The film, though on a modest budget, is beautifully shot by Caleb Deschanel and bears few signs of financial limitations. Many will talk about the film as a “useful tool” for spreading the truth of Christ, but (while I fully concur) it also must be impressed that the film is truly a labor of love and artistic achievement, which is part and parcel of why it WILL be such a useful tool. There is a particular scene which induced the most tears; Mary, played by the Romanian actress Maia Morgenstern, holds her dead son in her arms as he is brought down from the cross. Holding her son in a state of shock, she looks up soulfully at the horizon, which, because the camera is facing her, means she’s looking out at the viewing audience. There is a heavy indictment here, as the film has clearly articulated that Jesus has just died for the sins of the world (indeed, the sins of the viewers), and Morgenstern’s watery eyes deftly articulate the depths of a mother’s loss. A thoughtful viewer, truly immersed in the moment, will shrivel into their seat as they realize that, while they’d sincerely wish reach out and comfort this wounded woman, her son’s blood is on their hands and any excuse is rendered moot. While the film could have painted-by-numbers and pleased most Christians, (who are too often satisfied by the merely perfunctory), the tender care with which the art direction and acting are handled in “The Passion of Christ” produces a result which affects Christian and non-Christian alike, whether they fully understand it or not.
I would do the reader a disservice by avoiding the topic of violence and blood in the film. It IS truly brutal to watch and, while not glorying in its gore like so many horror or war movies, one might say it is even MORE brutal than these because it strikes a convicting chord. My wife had to look away repeatedly and, though I did not, each strike of whip or brutal beating hurt emotionally as the phrase “because of my sin” echoed repeatedly in my head. My non-Christian friend (the theatre manager) asked us afterward, “as Christians”, what he might expect from other Christians attending the film when it opens February 25th. Without a full understanding of Christianity, his concern was that Christians might be angry or offended by the “violent content”. My wife, bless her heart, responded without missing a beat. She told him that it did indeed offend her. and that it had every right to offend her, as it ought to offend everyone (Christian or non-Christian), bombarded with the extremely visceral truth of what Christ endured on our behalf.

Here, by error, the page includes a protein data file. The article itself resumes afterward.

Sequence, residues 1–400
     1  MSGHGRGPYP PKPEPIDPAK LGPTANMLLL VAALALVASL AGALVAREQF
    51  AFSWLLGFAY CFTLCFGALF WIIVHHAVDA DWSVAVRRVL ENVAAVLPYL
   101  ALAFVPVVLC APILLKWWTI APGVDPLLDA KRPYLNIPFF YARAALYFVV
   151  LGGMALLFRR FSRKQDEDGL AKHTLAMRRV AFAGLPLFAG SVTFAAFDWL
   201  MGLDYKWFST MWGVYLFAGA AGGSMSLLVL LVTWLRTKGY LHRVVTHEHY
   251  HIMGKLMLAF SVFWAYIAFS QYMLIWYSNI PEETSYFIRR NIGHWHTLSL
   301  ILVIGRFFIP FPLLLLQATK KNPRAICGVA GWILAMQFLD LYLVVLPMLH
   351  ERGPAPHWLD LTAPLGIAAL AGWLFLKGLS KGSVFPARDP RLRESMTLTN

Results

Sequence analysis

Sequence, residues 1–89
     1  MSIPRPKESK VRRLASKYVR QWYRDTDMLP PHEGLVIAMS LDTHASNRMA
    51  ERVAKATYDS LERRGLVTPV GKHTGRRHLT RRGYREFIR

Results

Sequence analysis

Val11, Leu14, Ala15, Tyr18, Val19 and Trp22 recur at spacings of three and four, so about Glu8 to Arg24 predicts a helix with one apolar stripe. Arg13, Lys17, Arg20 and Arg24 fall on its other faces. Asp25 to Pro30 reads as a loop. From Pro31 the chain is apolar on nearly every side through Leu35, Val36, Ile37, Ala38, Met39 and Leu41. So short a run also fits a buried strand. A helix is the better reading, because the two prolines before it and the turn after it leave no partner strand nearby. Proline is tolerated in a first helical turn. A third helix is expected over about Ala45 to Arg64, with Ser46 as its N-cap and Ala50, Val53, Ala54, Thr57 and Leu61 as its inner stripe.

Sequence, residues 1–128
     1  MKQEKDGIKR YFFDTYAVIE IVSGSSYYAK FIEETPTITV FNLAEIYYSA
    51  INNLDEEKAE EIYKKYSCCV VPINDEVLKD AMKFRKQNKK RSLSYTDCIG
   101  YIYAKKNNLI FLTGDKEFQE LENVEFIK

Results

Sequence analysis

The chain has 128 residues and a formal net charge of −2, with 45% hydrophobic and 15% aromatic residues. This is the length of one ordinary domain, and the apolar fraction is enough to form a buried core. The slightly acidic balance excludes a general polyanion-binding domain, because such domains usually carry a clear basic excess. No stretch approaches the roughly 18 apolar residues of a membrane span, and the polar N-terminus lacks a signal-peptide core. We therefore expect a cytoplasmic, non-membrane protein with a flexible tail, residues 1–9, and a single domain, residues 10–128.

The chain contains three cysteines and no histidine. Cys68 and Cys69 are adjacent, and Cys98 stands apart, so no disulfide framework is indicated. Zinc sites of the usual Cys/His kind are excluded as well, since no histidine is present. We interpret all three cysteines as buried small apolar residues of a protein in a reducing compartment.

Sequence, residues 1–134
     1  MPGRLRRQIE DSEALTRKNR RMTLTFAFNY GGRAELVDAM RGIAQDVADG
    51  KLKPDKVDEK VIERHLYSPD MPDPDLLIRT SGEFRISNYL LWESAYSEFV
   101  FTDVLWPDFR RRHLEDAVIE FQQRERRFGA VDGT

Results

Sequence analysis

Not five minutes had passed since the film had ended, and I witnessed two people very passionately expressing the gospel to non-believers. In my mind, that alone made this entire cinematic effort worthwhile. Gibson is careful in his film to articulate throughout Christ’s trial, crucifixion, and various flashbacks to his life and ministry that he claimed to be the Way, the Truth, and the Life, and that no one comes to God except through Him. Mel makes certain to show that Christ did not stay in the grave, but rather that He embodied everything he claimed about Himself. Certainly some viewers and critics will try to paint over this, appreciating the film for its “artistry” and trying to separate themselves from the message implicit within the art. However, I anticipate the vast majority of viewers will have more honest, severe reactions to the film: anger, tears, denial, disgust, submission, revulsion, and for some. transformation.
Ultimately, its effectiveness-like everything else-is completely in God’s hands.